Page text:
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Like many of the educational technology developments funded by the Labour Government, Curriculum Online had its origins in the Stevenson Review which recommended:
"An educational Website on the Internet would not only allow
teachers and others to swap ideas, but also create a "virtual marketplace" for software;
a place where software could be freely available, advice could be found and the
opportunity provided for teachers to adapt and contribute collectively to the development
of software packages."
This was picked up by the
The "Curriculum Online" Consultation ....
One of the main ways that Government ....
eLearning Credits, or eLCs, were not electronic money - despite the 'e-' prefix - but real funding given to individual schools by government through the channel of their LEA. The money could only be spent on content from registered Curriculum Online suppliers. For the academic year 2003/4, £100million was been made available to schools.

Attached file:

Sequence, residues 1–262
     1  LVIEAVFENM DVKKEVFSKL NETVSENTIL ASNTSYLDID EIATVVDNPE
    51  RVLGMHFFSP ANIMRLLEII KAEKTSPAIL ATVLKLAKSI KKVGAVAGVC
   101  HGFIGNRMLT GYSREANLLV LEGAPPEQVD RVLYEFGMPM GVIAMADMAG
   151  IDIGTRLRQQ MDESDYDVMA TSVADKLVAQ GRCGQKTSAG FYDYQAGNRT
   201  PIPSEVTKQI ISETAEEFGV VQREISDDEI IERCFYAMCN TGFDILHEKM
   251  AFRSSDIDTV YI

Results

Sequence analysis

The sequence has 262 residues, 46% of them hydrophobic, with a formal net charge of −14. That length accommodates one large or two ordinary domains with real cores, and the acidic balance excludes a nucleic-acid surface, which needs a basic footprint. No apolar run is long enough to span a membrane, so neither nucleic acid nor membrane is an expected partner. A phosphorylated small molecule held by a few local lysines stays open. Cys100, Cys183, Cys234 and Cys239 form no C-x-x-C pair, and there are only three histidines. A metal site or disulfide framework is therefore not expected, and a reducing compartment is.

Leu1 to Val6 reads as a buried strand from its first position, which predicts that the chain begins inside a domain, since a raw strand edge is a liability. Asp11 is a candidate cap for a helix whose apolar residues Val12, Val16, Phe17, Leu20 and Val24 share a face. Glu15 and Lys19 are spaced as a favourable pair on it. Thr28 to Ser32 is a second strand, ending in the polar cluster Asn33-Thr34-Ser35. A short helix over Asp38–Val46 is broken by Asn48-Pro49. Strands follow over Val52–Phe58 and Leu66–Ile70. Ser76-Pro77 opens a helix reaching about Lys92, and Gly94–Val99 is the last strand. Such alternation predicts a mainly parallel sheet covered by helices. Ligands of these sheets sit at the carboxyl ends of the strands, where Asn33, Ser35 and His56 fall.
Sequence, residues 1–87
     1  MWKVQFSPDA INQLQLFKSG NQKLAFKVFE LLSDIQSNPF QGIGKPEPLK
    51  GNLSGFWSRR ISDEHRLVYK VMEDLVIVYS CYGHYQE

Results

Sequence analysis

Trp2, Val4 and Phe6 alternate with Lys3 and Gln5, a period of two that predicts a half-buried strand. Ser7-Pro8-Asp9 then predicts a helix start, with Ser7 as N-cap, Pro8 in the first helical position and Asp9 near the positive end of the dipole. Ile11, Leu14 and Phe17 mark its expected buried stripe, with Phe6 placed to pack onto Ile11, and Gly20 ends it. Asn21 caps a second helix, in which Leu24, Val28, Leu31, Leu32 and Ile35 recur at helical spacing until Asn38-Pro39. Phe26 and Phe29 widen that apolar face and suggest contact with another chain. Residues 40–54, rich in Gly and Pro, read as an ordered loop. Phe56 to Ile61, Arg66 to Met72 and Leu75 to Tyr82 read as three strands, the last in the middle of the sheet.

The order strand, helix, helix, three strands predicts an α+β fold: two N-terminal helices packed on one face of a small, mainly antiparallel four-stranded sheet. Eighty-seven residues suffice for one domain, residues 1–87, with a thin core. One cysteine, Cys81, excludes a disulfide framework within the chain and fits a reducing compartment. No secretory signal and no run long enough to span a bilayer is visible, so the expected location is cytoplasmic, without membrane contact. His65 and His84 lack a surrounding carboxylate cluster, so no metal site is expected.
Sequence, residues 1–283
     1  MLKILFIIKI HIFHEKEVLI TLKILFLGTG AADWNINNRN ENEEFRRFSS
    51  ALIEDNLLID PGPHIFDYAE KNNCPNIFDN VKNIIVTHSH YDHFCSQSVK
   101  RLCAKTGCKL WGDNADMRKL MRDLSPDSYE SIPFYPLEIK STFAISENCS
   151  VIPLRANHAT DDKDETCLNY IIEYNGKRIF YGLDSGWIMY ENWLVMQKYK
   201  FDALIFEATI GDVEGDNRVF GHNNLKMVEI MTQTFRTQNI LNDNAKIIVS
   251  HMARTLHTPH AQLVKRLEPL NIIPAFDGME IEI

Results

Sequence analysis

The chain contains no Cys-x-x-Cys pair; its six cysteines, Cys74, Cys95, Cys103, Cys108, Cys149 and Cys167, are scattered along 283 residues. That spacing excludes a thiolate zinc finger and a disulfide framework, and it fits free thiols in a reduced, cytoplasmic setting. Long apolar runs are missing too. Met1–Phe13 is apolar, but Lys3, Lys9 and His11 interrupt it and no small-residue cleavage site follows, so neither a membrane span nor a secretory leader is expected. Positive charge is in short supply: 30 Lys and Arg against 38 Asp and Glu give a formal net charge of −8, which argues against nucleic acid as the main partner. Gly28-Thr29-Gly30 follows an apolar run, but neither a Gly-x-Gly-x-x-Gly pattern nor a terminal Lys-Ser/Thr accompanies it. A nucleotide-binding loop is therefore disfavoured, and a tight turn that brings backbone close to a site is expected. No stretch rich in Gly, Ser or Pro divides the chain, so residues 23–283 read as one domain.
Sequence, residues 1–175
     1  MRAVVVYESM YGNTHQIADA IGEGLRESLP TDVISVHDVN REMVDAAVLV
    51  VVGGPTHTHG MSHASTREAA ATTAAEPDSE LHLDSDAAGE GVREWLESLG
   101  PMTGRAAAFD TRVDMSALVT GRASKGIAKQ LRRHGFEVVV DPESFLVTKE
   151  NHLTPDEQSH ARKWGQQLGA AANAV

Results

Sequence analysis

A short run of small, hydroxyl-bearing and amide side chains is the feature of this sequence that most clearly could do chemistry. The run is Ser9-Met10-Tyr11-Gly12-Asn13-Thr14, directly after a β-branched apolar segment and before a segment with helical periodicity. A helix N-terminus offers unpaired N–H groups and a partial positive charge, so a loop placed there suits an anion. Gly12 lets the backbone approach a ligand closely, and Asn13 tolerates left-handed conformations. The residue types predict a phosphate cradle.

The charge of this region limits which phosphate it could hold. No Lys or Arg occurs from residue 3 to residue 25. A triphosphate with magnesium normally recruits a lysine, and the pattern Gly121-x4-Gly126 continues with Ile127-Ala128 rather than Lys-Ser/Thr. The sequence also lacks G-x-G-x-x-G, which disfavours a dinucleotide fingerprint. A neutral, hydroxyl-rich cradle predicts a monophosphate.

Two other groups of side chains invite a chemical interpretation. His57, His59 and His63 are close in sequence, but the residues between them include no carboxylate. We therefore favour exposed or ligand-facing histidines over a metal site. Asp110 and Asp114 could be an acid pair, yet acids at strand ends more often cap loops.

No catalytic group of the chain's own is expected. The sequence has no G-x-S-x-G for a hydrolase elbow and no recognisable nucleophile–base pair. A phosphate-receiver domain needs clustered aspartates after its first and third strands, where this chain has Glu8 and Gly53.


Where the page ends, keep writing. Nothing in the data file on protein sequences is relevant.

These funds were distributed by LEAs according to the number of schools in the authority's area, and the number of pupils in each school. So, for instance, a 1400-pupil school would have received almost £15,000 - £1000 for the school, and almost another £10 per pupil. This money is devolved directly to school level. In small schools the money is usually spent centrally, with the buying decisions being taken by the headmaster or the ICT co-ordinator. In larger schools, the money is often divided up between heads of department. In all schools, all teaching staff are invited to suggest recommended purchases. Schools also have the option of asking their LEAs or RBCs to spend the allocation on their behalf, for instance, to obtain a greater diversity of products or to make bulk purchases.